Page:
But some buyers and owners are strongly influenced or even fixated on how others will perceive their neighborhood. Neighborhood is a big status symbol, almost everywhere. I mean, have you watched the "Real Housewives" reality shows? These women drop the names of 5-year-old subdivisions like they were entries on the Social Register, and throw the phrase "behind the gates" around like there’s simply nowhere else any human in their right minds would rather be.

This — the way homeowners describe their neighborhood, even to people with no knowledge of their area — is a telltale sign of potentially excessive emphasis on neighborhood status. I once had a buyer who had a whole plan for giving her visitors driving directions through only the toniest streets to get to her home, even though it was a roundabout route.

"What happens if they MapQuest it?" I asked. Her brow crumpled, then smoothed with her mental eureka: "I’ll tell them they have to use my directions because MapQuest is WRONG!"

Location is the big one, but there are certainly other home characteristics a homeowner might see as making a public statement about who they are and how they live.

The type of home you own makes a statement. Just think of what living in a downtown loft says about your lifestyle versus living in a three-bedroom, two-bath single-family home with a big backyard and a basketball hoop over the garage. It says something about who you are and how you live.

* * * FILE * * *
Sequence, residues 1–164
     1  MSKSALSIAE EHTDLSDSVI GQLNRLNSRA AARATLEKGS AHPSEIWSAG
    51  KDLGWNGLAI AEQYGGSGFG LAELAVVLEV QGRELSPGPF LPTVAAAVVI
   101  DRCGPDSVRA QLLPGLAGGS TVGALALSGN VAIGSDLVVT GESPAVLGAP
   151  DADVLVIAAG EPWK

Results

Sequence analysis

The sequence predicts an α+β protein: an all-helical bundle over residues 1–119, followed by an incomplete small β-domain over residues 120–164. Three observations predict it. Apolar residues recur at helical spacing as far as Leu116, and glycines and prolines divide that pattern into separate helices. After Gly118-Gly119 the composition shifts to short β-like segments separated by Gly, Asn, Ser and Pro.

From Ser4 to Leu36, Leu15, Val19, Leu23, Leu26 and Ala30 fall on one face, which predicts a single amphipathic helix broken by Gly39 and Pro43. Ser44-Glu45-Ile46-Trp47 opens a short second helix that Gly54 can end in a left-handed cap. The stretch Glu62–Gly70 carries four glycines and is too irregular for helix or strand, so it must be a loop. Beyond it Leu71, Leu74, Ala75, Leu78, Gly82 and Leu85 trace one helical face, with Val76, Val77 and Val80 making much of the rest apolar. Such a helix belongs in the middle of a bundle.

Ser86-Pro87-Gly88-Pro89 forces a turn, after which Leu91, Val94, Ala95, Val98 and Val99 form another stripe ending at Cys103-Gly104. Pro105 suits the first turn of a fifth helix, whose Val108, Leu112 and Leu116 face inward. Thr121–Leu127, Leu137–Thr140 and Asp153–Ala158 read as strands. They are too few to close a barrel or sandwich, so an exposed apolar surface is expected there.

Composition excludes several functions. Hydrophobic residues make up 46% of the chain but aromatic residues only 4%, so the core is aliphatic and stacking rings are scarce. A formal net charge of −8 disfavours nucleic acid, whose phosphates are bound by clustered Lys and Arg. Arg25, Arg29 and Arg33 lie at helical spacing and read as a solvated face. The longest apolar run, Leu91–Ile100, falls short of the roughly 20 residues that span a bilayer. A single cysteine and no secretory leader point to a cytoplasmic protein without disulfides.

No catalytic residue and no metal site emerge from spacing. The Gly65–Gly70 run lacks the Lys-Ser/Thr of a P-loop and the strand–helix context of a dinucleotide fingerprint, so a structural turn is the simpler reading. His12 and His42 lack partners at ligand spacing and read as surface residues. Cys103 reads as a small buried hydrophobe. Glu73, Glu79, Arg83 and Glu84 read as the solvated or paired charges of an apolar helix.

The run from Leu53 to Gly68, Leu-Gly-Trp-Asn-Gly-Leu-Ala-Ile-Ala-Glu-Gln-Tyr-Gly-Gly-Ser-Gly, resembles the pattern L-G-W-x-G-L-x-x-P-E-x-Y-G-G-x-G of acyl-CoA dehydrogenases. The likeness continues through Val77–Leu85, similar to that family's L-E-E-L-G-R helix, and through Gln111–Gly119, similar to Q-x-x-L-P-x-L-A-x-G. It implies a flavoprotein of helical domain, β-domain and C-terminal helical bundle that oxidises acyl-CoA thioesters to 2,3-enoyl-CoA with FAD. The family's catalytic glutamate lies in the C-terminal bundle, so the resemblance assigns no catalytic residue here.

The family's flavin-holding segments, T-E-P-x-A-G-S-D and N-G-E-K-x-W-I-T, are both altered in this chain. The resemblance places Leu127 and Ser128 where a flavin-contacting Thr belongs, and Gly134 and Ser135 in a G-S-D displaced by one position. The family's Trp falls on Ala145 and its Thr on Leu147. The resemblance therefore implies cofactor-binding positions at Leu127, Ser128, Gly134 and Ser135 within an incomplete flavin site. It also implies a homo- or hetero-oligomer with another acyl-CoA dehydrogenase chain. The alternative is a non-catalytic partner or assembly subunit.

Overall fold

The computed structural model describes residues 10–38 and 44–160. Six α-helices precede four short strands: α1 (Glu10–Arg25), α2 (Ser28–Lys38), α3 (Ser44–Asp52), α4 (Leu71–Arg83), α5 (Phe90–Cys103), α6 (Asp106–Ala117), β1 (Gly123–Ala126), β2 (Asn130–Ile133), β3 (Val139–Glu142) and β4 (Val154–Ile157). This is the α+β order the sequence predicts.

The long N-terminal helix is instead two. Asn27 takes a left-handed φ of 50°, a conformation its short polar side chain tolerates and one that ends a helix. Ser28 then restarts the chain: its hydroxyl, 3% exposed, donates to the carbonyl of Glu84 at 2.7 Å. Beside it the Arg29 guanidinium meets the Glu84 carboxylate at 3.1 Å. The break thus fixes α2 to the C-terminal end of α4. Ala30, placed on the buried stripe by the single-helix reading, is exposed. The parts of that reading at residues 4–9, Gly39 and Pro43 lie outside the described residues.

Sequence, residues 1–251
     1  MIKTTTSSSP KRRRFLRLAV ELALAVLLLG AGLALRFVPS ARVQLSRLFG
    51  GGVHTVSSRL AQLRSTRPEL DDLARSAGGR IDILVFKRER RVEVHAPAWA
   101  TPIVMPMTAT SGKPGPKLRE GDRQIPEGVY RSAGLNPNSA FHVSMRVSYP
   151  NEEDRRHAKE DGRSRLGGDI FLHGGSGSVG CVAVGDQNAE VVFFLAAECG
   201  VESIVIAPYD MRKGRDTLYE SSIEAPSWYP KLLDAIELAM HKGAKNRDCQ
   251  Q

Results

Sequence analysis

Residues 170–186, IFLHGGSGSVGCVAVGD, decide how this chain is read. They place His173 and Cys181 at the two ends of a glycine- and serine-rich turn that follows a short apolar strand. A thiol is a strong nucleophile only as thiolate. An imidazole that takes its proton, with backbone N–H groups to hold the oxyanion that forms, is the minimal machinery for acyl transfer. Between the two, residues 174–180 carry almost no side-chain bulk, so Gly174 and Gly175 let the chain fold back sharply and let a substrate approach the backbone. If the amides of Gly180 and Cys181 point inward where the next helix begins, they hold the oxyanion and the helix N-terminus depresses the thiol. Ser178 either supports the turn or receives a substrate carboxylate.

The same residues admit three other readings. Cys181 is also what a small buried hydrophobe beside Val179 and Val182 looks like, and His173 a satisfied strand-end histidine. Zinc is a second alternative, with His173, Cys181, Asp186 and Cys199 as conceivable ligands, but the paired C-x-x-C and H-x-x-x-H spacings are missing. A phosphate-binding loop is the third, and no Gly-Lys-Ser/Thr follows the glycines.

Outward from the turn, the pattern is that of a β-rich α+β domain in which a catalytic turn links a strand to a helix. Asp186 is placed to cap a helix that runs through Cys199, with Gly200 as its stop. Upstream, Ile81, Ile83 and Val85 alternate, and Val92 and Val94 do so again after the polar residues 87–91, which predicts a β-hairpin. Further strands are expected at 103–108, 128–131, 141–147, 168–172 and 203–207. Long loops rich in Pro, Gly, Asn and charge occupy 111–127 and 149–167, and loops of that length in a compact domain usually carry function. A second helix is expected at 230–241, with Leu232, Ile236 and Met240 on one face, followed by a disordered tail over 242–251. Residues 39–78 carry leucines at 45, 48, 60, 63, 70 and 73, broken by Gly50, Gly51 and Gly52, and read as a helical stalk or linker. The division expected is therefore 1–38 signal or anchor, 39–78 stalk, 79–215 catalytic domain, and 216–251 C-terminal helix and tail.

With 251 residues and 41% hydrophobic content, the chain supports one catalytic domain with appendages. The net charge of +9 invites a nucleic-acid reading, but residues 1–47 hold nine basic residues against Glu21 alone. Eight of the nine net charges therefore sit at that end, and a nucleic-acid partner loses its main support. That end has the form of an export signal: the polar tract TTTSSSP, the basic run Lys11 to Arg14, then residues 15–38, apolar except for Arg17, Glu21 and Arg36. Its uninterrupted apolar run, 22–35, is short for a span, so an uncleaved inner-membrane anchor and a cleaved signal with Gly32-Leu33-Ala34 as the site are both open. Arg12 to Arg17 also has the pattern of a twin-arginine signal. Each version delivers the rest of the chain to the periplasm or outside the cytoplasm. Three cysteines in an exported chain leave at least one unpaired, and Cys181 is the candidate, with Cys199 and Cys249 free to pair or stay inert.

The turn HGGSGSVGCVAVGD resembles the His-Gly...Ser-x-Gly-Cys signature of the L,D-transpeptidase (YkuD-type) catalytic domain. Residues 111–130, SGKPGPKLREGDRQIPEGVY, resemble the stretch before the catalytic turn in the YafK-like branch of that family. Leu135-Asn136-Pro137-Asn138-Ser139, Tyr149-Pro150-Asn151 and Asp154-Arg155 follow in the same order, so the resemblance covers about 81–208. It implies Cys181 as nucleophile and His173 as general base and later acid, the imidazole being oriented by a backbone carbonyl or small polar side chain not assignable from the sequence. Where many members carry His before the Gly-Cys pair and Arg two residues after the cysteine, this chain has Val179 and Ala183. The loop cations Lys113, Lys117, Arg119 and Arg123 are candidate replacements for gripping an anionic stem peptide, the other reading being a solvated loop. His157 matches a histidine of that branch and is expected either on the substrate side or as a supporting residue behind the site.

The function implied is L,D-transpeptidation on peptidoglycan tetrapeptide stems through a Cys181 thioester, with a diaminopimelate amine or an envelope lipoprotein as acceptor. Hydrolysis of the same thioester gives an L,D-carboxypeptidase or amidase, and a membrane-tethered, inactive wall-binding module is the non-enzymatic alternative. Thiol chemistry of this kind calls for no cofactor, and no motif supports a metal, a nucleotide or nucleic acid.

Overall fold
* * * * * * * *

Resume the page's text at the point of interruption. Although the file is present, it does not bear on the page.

The amenities you have or install or crave to have in your home make a statement. You might be the type for whom a built-in dishwasher and working fireplace represent the pinnacle of comfort. Or you might need a dog shower, custom closets, a bidet, an over-the-fireplace flat-screen TV and an over-the-stove pot filler faucet — your amenity choices say something about who you are and how you live.

Clearly, people use their homes to make both private and public statements of their priorities, their wealth and their personality characteristics. The evolutionary economics book said that most of us make consumer purchases driven by a deep-seated, subconscious motivation to show off our fitness — not the cardio type, rather the Darwinian sort of fitness. Fitness to survive, that is, as demonstrated in no small part by your priorities, wealth and personality.

I have a slightly different take, though, having closely observed the role "public statement" and status-seeking has played in the decision-making process of many, many homebuyers. It’s a fine line that demarcates what home characteristics you choose for you/lifestyle and which you choose for status, especially unconscious status-seeking behaviors.

Where you wouldn’t be caught dead living for the sake of appearances vs. where you wouldn’t live for fear of being caught, I mean shot dead for the sake of your car or your wallet. And vice versa — I’ve had clients go to the opposite extreme and almost tempt fate with their choice of a marginal neighborhood in an unconscious effort to make clear to the world that they’re not afraid and don’t care about "status-schmatus."

Of course, as with marriages, like attracts like. So I’ve also had clients who, like yours truly, wouldn’t even think of keeping their motivations secret — even from themselves. One such client recently plotted an elaborate scheme to keep her party guests from discovering the "wrong" side of her up-and-coming neighborhood’s border.

But, unlike the client who fabricated a MapQuest error, this client was totally transparent about her intentions. "It’s borderline ‘hood,’ " she proclaimed, "so just don’t go on the other side!" How’s that for a public statement?

Tara-Nicholle Nelson is author of "The Savvy Woman’s Homebuying Handbook" and "Trillion Dollar Women: Use Your Power to Make Buying and Remodeling Decisions." Ask her a real estate question online or visit her Web site, www.rethinkrealestate.com.

***